A few days later, in the north, I was walking along the beach when the same thing happened, but this time they decided to up their game: one of them actually started pecking at my head! Oh the horror!
It’s difficult to know where exactly they are nesting, but don’t worry about finding them, they will find you!
I saw a few walkers waving their walking poles above their head to avoid the aerial strikes. A hat might also help to protect.
10. Beware of the sheep too
In spite of having so much space available, some sheep have decided that the best place for a sit-in is in the middle of the road! So be careful, especially in remote areas and in foggy weather!
After all this preparation, we’re ready to go!
Iceland is a fantastic country! Have fun, enjoy your trip and you can thank me later!
2 weeks in Iceland
Day 1: arrival in Reykjavik. Depending on when your flight arrives and how long it took you to get here, you might want to settle in, relax, have a bite to eat or just take a walk around to get a feel of the place. Don’t sweat it, Reykjavik is small, you’ll have plenty of time to explore tomorrow! And on the way from the airport to Reykjavik, why not stop at the famous Blue Lagoon for a soak?
Day 2: Reykjavik. Is it museums you’re after? Architecture? Nightlife? Reykjavik has it all! There’s plenty of things to do in and around the capital!
Day 3: The Golden Circle. The proper road trip starts! And what a start! Today we are driving the Golden Circle that encompasses three of the main attractions in Iceland: the historic site of Thingvellir National Park, the spouting Strokkur Geysir and the iconic Gullfoss waterfall. All three are a great introduction to the diverse landscapes of Iceland. The Golden Circle is the busiest road in Iceland, so be prepared for crowds, especially at the Geysir.
Day 4: It’s waterfall time! Seljalandsfoss and Skogafoss are two of Iceland’s most photographed waterfalls. And rightly so! Seljalandsfoss drops at 60m and you can even walk behind it! Be cautious cause the path can be slippery. Don’t forget to walk a few hundred meters further along the main path at Seljalandsfoss to visit the hidden Gljufurarfoss.
Standing at the base of Skogafoss, with its millions of gallons of water thundering down over the cliff, makes you feel very small. Climb the stairs next to the waterfall to get a view from the top as well. If you’re up for a hike, this is where the walk to Thorsmork starts. (+/- 10 hours walking) You don’t have to do the whole trail, even one hour makes for some serious gorgeous scenery!
Day 5: It’s glacier time! From Skogafoss, it’s only a short drive to the Solheimajökull glacier tongue. You can walk to the base on your own, but if you want to do some proper glacier-hiking, you will obviously need to book a guide.
Continue to the black sand beach of Vik and the basalt rock formations at Reynisfara. Rainy and windy weather truly make for an apocalyptic atmosphere!
From there on, it’s off to Skaftafell. (+/- 1h30 drive) If you still have energy left, you can take a walk to yet another glacier tongue: Skaftafelljökull, where a marked trail and free brochure will explain you the geology of the place.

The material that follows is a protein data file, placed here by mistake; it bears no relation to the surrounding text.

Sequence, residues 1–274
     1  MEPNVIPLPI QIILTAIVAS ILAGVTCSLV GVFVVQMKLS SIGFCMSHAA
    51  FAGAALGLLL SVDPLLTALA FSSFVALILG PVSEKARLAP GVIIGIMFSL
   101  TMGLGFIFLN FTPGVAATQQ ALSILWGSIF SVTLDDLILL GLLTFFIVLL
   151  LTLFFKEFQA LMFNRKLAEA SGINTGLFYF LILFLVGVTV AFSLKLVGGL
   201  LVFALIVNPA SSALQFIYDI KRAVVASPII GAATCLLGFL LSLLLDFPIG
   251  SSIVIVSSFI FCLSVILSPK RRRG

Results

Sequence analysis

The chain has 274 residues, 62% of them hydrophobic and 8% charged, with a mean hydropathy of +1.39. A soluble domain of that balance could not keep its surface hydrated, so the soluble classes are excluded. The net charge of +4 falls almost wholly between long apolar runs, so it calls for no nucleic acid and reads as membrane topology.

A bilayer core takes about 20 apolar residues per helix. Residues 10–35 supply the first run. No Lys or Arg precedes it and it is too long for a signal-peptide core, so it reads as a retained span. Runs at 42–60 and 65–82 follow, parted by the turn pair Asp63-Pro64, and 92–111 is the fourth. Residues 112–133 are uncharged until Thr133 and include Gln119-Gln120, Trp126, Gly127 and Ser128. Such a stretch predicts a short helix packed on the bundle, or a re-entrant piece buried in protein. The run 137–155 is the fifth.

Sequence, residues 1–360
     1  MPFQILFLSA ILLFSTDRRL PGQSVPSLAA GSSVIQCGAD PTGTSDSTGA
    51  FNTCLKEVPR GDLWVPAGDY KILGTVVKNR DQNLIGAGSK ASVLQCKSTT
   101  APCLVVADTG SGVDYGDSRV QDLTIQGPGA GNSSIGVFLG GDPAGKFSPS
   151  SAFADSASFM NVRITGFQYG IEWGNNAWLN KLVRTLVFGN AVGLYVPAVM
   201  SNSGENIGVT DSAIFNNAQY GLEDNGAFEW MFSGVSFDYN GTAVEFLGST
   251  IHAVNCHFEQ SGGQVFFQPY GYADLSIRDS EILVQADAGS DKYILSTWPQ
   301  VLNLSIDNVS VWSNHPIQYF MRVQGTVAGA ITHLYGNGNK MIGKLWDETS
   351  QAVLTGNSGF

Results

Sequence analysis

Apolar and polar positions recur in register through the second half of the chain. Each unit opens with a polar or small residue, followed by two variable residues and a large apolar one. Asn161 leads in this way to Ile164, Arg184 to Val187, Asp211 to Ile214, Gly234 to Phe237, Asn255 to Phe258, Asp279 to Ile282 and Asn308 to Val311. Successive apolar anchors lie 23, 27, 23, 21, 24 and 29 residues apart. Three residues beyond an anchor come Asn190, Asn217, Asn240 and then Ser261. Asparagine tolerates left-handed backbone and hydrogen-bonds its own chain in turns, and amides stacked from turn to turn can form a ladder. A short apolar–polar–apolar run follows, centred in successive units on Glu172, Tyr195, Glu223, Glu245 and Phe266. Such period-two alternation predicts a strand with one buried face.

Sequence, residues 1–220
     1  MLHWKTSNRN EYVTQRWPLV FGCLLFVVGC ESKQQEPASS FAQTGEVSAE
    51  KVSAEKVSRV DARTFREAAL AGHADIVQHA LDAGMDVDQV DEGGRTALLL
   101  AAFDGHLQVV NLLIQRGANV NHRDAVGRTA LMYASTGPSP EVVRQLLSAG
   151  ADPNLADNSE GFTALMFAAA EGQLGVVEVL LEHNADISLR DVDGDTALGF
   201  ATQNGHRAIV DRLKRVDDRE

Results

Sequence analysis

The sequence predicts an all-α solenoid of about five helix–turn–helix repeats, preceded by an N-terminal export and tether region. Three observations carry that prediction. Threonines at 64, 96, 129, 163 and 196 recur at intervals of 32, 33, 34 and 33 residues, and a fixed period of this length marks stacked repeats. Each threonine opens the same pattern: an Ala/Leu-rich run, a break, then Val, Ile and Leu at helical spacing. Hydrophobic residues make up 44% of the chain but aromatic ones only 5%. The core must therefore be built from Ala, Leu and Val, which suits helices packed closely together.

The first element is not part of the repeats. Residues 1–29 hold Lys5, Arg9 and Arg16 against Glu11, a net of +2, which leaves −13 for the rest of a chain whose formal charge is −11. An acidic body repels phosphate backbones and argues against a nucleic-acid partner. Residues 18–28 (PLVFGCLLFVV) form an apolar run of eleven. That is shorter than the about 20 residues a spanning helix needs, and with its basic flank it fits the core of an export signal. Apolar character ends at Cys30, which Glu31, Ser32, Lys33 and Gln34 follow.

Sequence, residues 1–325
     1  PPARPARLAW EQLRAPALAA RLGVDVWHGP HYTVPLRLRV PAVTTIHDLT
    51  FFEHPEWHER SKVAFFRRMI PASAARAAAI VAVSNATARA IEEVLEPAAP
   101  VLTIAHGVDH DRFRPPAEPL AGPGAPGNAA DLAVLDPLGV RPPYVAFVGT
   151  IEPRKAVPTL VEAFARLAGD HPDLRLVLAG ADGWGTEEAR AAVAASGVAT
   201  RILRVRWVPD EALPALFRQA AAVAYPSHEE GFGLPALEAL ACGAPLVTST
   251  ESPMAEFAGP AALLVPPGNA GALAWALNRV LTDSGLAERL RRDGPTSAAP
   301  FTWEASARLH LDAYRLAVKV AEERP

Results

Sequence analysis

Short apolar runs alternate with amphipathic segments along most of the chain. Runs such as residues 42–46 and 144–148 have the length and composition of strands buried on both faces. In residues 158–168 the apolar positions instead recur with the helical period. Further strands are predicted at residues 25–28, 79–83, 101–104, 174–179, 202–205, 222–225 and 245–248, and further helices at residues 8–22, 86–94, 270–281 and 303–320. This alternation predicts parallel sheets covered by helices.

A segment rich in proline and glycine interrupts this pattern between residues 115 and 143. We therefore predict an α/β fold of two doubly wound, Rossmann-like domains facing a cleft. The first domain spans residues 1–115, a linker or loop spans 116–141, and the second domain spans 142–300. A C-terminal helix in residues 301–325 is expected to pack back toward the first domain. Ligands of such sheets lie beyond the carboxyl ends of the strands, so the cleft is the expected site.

Day 6: the land of ice. Still in Skaftafell, take a walk up to the dramatic looking waterfall of Svartifoss. Drive to the famous Jökulsárlón glacier lagoon to see huge ice boulders rest on the black beach or in the lagoon and spend the night in Höfn.
Day 7: the beautiful East Fjords From Höfn, drive along the coast and discover the remote East Fjords. The highlight and probably the best place to stay overnight is Seydisfjördur, surrounded by snow-capped mountains and dripping waterfalls. The road up there is steep and even in June you may encounter fog, be careful!
Day 8: puffins, lake pools and mud. Take a wander in the beautiful surroundings of Seydisfjördur, passing waterfalls and bizarre sound sculptures. If you are here between May and August, go and check out the puffins in Borgarfjördur Estri.
A 2h30 drive will take you to Myvatn, THE must see in the north. There’s plenty to see and do: lava formations, volcanoes, geothermal activity, … Don’t forget to have a soak in the Myvatn nature baths!
Day 9: canyons and waterfalls. Stay another night in Myvatn. and make a daytrip to Dettifoss waterfall and the Asbyrgi canyon. On the way back, you can go whale-watching in Húsavik.
Day 10: a tale of waterfalls and herring. Take some time to explore the second city of Iceland: Akureyri . On the way to Akureyri, make sure you stop at Godafoss, my favourite waterfall by far! From there on, continue towards the beautiful village of Siglofjördur to discover the herring-history of Iceland (it’s much more interesting than it sounds, trust me!)
Day 11: Be prepared for a long drive (+/- 5 hours) to get to Stykkishólmur, where gorgeous little islands dot the bay of Breidafjördur. Why not take a boat ride to check some of them out? Or indulge in some fresh fish at the little harbour and climb the basalt rock formation of Súgandisey. Don’t forget to visit Stykkishólmur’s futuristic church!
Day 12: Time for the west! The Snaefellsnes peninsula is one of my favourite parts of Iceland, it packs in so much in a relatively small area: crunching lava, black beaches, stunning rock formations, … There are plenty of walking opportunities too!
Day 13: time for some history. On your way back to Reykjavik, stop at Borgarnes where the Settlement Centre tells you about Iceland’s fascinating history! Spend a last night in Reykjavik.
Day 14: I know, it’s sad, you don’t want to leave, do you? Two weeks gave me a great overview of all the variety Iceland has to offer, but there is one area I didn’t cover: the Westfjords. Seems like a good reason to come back to me!
Have you visited the country of fire and ice? What places would you add to this two week itinerary for Iceland?